Through the blowing snow they could see the lights of a town—Carroll, Iowa—below. They first flew past the water tower, hoping to find the name of the city. Snow had obliterated most of the name and all the crew could make out were the final letters, “O-L-L.” They then began buzzing the town in desperate search of an airport.

Ullman dropped the plane down and began following a blacktop road, hoping it would lead to an airstrip. With the strong winds creating a ground blizzard, as well as the visibility problems caused by the iced-over windshield, Ullman didn’t realize that the road had curved off and they were approaching a grove of trees. He finally spotted the danger and pulled back on the control column; the plane shot upward, narrowly missing the trees.

“We came within a couple of seconds of a crash right there,” said Gifford. “We were just about ready to hook a wing tip into those trees; it we had, the plane would have cartwheeled and we all would have died.”

After the near miss, they turned around and followed the road back into town. Unknown to Ullman and Gifford at that time was that the townspeople below were aware of their plight and were doing what they could to help. “We found out later that someone with a gasoline truck was trying to get our attention to have us follow him to the airport,” added Gifford.

Eva Olofson, Ullman’s widow, was on the flight and said she later received a letter from one of the residents, who said the police knew there was a plane in trouble and were telling people to turn their lights on to help the pilots see the town better. “I do recall the city lighting up like a Christmas tree, and it really helped.”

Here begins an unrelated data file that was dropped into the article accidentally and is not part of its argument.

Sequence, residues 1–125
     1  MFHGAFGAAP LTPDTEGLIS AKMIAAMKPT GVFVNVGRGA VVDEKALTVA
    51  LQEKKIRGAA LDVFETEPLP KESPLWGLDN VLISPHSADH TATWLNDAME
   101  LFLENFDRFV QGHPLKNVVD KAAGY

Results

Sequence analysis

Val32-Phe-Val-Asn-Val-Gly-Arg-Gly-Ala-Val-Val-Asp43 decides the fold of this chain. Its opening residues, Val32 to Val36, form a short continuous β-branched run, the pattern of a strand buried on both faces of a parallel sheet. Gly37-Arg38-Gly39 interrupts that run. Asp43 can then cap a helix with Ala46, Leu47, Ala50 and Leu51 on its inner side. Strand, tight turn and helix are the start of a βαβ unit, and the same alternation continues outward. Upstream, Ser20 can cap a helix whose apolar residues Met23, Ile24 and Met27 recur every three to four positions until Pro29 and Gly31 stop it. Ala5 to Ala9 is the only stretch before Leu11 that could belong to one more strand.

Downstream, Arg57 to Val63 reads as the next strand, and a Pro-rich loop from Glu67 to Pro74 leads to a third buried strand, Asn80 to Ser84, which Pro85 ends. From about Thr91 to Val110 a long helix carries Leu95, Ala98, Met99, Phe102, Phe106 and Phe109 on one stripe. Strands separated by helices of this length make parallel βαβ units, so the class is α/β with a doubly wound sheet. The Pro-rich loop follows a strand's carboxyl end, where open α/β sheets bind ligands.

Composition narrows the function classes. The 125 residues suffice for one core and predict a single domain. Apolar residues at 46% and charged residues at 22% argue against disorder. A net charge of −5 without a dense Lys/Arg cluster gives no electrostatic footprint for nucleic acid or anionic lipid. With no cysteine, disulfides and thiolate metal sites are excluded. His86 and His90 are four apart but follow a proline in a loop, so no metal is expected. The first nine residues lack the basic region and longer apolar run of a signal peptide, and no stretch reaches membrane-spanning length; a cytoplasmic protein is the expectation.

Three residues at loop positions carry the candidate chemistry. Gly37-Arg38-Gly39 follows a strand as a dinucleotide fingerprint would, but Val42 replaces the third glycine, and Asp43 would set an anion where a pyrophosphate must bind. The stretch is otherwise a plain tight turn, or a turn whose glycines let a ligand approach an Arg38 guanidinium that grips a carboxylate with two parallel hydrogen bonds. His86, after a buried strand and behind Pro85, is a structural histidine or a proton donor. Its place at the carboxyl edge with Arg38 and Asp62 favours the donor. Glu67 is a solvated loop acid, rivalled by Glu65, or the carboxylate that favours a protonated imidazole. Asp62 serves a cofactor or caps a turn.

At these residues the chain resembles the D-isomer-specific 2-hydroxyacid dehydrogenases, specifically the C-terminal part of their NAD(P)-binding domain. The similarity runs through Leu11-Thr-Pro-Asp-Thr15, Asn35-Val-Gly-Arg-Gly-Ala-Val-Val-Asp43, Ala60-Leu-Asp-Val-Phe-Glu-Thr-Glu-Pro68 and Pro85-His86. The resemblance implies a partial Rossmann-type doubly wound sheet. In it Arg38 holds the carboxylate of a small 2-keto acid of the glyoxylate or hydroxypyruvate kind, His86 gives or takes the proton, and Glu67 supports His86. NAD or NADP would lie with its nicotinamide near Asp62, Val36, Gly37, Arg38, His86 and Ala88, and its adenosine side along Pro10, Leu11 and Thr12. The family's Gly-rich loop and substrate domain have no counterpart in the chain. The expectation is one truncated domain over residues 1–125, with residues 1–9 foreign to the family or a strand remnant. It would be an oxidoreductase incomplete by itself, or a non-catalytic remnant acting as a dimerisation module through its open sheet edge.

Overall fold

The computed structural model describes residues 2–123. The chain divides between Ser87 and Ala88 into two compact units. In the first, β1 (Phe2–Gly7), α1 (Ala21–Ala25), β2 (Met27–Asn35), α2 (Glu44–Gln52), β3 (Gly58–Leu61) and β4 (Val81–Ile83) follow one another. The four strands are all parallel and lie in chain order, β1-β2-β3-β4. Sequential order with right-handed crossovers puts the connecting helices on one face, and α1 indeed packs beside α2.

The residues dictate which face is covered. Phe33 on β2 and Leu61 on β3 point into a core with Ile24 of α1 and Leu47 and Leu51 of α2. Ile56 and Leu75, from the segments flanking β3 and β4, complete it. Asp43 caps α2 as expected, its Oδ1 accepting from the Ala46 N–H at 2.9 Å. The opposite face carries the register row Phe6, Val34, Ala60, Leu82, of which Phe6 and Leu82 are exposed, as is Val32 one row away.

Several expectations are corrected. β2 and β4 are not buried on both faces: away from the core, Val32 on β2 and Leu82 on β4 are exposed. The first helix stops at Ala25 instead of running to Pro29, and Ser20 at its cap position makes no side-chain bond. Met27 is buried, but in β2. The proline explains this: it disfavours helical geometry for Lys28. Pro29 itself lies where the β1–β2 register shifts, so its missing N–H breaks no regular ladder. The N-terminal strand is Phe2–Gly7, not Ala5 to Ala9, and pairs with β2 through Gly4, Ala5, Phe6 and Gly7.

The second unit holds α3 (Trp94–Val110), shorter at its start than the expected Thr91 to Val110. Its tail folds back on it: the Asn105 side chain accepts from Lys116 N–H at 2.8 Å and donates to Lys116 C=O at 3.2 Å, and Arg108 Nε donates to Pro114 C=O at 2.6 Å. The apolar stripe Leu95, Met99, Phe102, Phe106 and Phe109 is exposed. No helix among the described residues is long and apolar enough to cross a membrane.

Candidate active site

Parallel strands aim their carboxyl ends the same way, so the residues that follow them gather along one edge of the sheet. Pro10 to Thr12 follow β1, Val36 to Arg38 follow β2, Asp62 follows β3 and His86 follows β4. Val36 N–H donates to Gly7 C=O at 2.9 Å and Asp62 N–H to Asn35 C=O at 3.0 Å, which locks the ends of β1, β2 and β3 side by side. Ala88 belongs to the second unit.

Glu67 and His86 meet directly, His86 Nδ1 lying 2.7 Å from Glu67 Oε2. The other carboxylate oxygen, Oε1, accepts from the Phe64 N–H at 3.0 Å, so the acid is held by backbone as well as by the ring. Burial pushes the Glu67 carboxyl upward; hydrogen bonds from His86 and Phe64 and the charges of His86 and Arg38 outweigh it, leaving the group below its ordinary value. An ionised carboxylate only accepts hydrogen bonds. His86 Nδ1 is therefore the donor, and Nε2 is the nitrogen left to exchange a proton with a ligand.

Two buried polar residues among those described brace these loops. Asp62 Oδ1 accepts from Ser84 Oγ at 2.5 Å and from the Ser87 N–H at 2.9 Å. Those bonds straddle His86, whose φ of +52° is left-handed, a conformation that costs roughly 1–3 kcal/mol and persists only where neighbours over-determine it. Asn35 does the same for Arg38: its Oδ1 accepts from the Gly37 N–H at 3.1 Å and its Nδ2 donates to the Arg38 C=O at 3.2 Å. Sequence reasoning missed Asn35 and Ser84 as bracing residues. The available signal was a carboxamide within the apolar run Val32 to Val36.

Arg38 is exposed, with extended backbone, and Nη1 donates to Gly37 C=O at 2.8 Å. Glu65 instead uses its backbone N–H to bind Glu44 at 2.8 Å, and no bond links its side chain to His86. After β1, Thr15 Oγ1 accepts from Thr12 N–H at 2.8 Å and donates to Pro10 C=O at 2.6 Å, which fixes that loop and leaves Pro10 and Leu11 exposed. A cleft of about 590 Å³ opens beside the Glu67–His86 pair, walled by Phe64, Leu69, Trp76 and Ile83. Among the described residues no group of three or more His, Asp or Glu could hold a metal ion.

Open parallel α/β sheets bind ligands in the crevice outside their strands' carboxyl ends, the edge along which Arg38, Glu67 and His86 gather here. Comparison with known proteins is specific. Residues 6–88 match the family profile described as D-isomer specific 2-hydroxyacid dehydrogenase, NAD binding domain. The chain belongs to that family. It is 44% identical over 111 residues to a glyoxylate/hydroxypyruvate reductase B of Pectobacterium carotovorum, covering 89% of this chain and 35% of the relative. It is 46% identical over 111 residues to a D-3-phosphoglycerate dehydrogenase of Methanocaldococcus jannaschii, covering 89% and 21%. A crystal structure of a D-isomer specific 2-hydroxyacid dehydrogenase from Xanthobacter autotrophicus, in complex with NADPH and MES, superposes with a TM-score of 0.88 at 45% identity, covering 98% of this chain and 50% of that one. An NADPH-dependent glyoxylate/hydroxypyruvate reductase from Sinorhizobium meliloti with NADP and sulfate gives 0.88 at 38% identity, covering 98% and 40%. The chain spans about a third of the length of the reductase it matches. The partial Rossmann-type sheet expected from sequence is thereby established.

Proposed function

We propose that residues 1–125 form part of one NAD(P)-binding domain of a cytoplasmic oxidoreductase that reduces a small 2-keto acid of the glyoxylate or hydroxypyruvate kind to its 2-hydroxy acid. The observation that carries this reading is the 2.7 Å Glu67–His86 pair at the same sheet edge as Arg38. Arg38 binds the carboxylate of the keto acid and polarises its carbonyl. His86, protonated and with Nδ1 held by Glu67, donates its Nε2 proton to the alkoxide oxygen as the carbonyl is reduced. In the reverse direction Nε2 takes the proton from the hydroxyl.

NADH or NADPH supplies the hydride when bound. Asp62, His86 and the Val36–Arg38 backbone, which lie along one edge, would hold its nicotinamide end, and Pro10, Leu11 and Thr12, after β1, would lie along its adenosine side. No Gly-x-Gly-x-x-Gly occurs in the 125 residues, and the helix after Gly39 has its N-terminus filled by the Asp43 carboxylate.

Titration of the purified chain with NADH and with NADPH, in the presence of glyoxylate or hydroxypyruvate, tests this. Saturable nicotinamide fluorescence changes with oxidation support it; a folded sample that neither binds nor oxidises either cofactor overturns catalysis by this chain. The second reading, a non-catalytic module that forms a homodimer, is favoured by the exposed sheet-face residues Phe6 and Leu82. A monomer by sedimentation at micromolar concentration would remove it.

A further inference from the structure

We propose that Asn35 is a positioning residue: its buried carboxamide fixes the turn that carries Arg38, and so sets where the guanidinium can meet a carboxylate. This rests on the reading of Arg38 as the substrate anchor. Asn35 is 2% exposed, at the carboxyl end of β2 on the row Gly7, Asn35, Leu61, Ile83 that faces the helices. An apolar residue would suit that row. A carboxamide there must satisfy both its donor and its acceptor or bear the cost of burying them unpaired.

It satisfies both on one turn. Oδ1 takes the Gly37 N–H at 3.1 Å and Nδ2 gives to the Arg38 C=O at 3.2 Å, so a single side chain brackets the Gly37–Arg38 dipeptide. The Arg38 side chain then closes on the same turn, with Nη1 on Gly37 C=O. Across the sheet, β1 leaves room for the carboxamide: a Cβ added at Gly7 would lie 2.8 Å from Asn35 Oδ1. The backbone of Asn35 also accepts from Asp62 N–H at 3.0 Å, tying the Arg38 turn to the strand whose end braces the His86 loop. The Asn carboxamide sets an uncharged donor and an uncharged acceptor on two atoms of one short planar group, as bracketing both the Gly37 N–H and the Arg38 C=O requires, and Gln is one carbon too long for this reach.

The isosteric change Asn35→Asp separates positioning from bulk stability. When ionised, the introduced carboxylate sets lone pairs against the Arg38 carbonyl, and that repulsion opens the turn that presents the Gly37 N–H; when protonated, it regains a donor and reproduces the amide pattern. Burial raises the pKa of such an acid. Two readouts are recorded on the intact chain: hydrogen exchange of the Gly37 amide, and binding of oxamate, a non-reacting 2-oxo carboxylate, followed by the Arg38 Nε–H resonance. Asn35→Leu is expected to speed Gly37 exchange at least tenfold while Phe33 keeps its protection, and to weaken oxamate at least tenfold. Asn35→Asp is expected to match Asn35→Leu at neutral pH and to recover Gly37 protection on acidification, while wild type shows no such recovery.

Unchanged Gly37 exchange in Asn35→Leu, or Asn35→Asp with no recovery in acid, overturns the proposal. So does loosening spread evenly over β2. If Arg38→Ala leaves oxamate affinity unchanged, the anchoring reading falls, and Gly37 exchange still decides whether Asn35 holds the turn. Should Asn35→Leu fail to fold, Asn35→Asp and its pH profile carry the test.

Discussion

Because of the frost on the windshield, Ullman and Gifford had to keep the small cockpit windows on each side open. Parts of their faces were frostbitten from sticking them out the window.

The pair finally gave up hope of finding an airport and began debating their other options. They considered putting the plane down on the highway, but then they spotted a cornfield on a farm north of the city. Because of the wet weather the previous fall, the field’s owner, Hilbert Steffes, hadn’t harvested the crop. As a result, the stalks stood out in neat rows through the snow.

Both Ullman and Gifford and been raised on farms and knew that a cornfield would be free of rocks and ditches. Word was sent back to the passengers that they were going to land. Olofson says she remembers Elgin Baylor (who was not fond of flying to being with), lying down on the floor in back. “He said, ’If we’re going to crash, I might as well go comfortably.’”

Ullman jammed his head out the side window as far as he could and began the descent. Not only did Ullman put the plane down in a perfect three-point landing, he inadvertently hooked the tail wheel on the top strand of a barbed-wire fence. “The barbed-wire helped bring us to a stop,” said Gifford. “It was just like landing on an aircraft carrier.”